TMJ & Sleep Therapy Office of London, Ontario with Dr. David Rawson
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Diagnosis and Treatments

The best way to diagnose OSA (or any sleep disorder) is to catch them when they are happening. That is why there are essentially two alternatives for diagnosing them: in a sleep lab or at home.

At the TMJ & Sleep Therapy Office we use the latest diagnostic equipment for sleep disorders. One of these is the Watch-Pat device which fits comfortably over the patient’s hand and is worn for one night. The resulting data reveals key information, including the number and length of periods that the patient’s sleep was interrupted. We then use this data, combined with other diagnostic tools, to determine the appropriate treatment plan to correct the problem.

Treatment options for OSA fall into three major categories:

    1. Lifestyle Changes. Many individuals can relieve the symptoms of OSA by increasing exercise and losing weight. Among other improvements, this reduces fat and increases muscle tone in the throat, which lessens any airway constriction. Lifestyle changes are recommended even in cases when they, alone, will not resolve the problem.

    2. Medical Interventions. Many OSA sufferers experience improvements using an at-home sleep device that delivers Continuous Positive Airway Pressure (CPAP). The patient wears a mask to sleep that is attached to a hose and a pump, which supplies air at a stable pressure level to prevent the airway closure that leads to apnea. While effective, the machine can be noisy and cumbersome. In fact, 80% of patients are non-compliant after one year.

      In the most severe cases, the only other medical intervention is surgery. This is an option of last resort. During the surgery, portions of the uvula and wall of the throat are removed and the jaw bone may be cut to create a wider airway passage.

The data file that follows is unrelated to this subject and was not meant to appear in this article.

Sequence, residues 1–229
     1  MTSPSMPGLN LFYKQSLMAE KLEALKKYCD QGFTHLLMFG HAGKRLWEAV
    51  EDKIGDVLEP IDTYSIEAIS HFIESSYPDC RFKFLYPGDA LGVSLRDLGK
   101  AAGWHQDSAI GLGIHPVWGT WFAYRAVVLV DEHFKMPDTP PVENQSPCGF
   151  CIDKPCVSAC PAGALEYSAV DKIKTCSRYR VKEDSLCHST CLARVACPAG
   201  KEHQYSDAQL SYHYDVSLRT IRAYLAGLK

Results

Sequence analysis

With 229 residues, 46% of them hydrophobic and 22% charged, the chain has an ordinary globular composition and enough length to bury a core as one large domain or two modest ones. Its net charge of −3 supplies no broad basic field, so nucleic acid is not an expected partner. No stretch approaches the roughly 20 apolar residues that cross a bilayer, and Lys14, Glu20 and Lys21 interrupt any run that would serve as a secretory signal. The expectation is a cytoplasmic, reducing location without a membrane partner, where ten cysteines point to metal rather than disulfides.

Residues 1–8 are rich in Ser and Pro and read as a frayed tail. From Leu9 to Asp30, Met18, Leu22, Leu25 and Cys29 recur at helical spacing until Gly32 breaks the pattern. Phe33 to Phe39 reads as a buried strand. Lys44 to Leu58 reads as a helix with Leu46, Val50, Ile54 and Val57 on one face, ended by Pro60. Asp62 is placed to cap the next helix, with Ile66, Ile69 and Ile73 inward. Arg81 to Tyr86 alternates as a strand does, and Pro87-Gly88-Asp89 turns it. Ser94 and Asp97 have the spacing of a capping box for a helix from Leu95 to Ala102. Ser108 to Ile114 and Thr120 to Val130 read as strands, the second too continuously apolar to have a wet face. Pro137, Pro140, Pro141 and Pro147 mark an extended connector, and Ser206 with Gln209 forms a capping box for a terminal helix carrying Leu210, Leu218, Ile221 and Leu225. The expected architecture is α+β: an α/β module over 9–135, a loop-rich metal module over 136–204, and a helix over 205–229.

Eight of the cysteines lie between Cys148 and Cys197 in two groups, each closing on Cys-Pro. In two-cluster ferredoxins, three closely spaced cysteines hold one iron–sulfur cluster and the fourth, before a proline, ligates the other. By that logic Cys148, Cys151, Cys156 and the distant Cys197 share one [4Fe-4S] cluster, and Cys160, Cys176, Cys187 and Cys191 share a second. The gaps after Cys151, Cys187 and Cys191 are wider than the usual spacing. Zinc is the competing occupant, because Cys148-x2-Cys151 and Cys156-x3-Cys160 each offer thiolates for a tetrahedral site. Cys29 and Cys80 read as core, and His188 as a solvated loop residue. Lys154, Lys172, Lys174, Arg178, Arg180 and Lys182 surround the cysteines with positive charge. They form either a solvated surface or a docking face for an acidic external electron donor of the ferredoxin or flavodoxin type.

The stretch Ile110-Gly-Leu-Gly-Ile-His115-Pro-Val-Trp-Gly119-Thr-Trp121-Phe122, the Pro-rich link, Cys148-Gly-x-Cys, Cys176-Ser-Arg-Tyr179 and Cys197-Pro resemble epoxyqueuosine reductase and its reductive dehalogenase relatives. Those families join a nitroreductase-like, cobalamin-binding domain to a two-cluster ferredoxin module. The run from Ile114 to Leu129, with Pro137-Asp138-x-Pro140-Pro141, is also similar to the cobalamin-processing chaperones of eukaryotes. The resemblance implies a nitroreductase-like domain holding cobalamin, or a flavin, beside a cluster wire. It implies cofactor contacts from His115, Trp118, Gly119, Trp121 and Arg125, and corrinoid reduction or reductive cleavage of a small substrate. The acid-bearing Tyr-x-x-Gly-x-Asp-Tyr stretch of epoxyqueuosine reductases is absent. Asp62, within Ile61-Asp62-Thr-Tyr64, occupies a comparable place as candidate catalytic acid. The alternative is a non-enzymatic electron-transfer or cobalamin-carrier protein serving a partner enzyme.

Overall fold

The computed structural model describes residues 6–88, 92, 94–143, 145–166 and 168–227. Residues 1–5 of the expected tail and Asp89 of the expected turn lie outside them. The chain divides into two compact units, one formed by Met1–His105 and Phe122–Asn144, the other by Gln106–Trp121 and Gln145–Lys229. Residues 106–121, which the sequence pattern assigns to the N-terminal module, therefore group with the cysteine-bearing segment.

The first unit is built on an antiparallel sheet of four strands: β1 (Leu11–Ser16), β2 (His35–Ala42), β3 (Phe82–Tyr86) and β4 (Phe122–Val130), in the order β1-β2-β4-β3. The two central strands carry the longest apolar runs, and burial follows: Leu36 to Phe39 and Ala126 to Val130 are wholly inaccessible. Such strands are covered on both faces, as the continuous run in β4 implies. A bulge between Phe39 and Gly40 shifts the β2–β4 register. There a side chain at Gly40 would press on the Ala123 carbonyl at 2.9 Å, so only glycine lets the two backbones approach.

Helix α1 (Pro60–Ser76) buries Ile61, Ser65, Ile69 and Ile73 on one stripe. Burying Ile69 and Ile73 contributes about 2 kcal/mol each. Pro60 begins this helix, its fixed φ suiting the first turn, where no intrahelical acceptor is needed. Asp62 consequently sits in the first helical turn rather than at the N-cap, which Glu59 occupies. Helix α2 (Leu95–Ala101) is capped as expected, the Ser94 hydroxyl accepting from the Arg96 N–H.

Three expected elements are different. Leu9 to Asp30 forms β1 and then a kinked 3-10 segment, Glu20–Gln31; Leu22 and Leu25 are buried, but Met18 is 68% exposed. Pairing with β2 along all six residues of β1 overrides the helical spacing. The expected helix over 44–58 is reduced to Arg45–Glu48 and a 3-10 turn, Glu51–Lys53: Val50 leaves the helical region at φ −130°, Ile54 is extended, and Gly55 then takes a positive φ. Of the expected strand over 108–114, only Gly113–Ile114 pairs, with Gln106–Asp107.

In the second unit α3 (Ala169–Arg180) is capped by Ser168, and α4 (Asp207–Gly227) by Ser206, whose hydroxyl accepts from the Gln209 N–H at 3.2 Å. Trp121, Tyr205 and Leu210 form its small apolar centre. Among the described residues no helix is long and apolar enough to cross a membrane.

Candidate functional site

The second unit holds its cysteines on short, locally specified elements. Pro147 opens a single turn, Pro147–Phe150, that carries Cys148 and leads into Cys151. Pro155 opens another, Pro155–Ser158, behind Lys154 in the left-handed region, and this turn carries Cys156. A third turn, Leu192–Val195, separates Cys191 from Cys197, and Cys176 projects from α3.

3. Dental Orthotic. At the TMJ and Sleep Therapy Office, we prefer to use non-invasive, customized and affordable dental orthodic appliances whenever possible to reposition the jaw, mouth and teeth in a way that helps prevent airway closure. In 2006, the Academy of Dental Sleep Medicine supported the use of oral appliances as first line treatment option for patients with mild to moderate obstructive sleep apnea and snoring. Dr. Steven Olmos, founder of the TMJ & Sleep Therapy Centres, has created a series of specialized orthotics just for this purpose. These portable devices are placed into the patient’s mouth and worn throughout the night. They are easy to clean and maintain and are noiseless. As a result, many patients prefer the dental orthodics over CPAP.

Sleep Studies

Once Diagnosed, Is It Hard To Convince Patients
They Have A Problem?

Sleep Disorder Treatment With A Dental Appliance

How Do You Work With Medical Health Professionals?

One of the factors that contributes to snoring and sleep apnea is a loss of muscle tone in our mouth, throat and upper airway. This is no different than the rest of our body. If we are not active or get enough exercise, our muscle tissue gets flabby and is not as firm as it used to be. That's why we go to the gym to tone up and get into better shape.

Let's go to the Dental Gym to help our Sleep!

These nine the simple exercises can be done in your home with a toothbrush and a mirror to toughen up the tongue and the muscles in the back of your throat. Studies have shown that this can significantly reduce snoring and sleep apnea.

Think of professional singers who spend time every day practicing with their voice, breathing and throat muscles so that they can perform to their very best on stage. Similarly if you use these exercises you'll have a more rigid airway which will help you breathe and sleep better.


OSA Exercise 1

OSA Exercise 2

OSA Exercise 3

OSA Exercise 4

OSA Exercise 5

OSA Exercise 6

OSA Exercise 7

OSA Exercise 8

OSA Exercise 9

Concerns with Self-Treatment

Safety of Over the Counter Dental Appliances

Sleep Apnea With No Snoring

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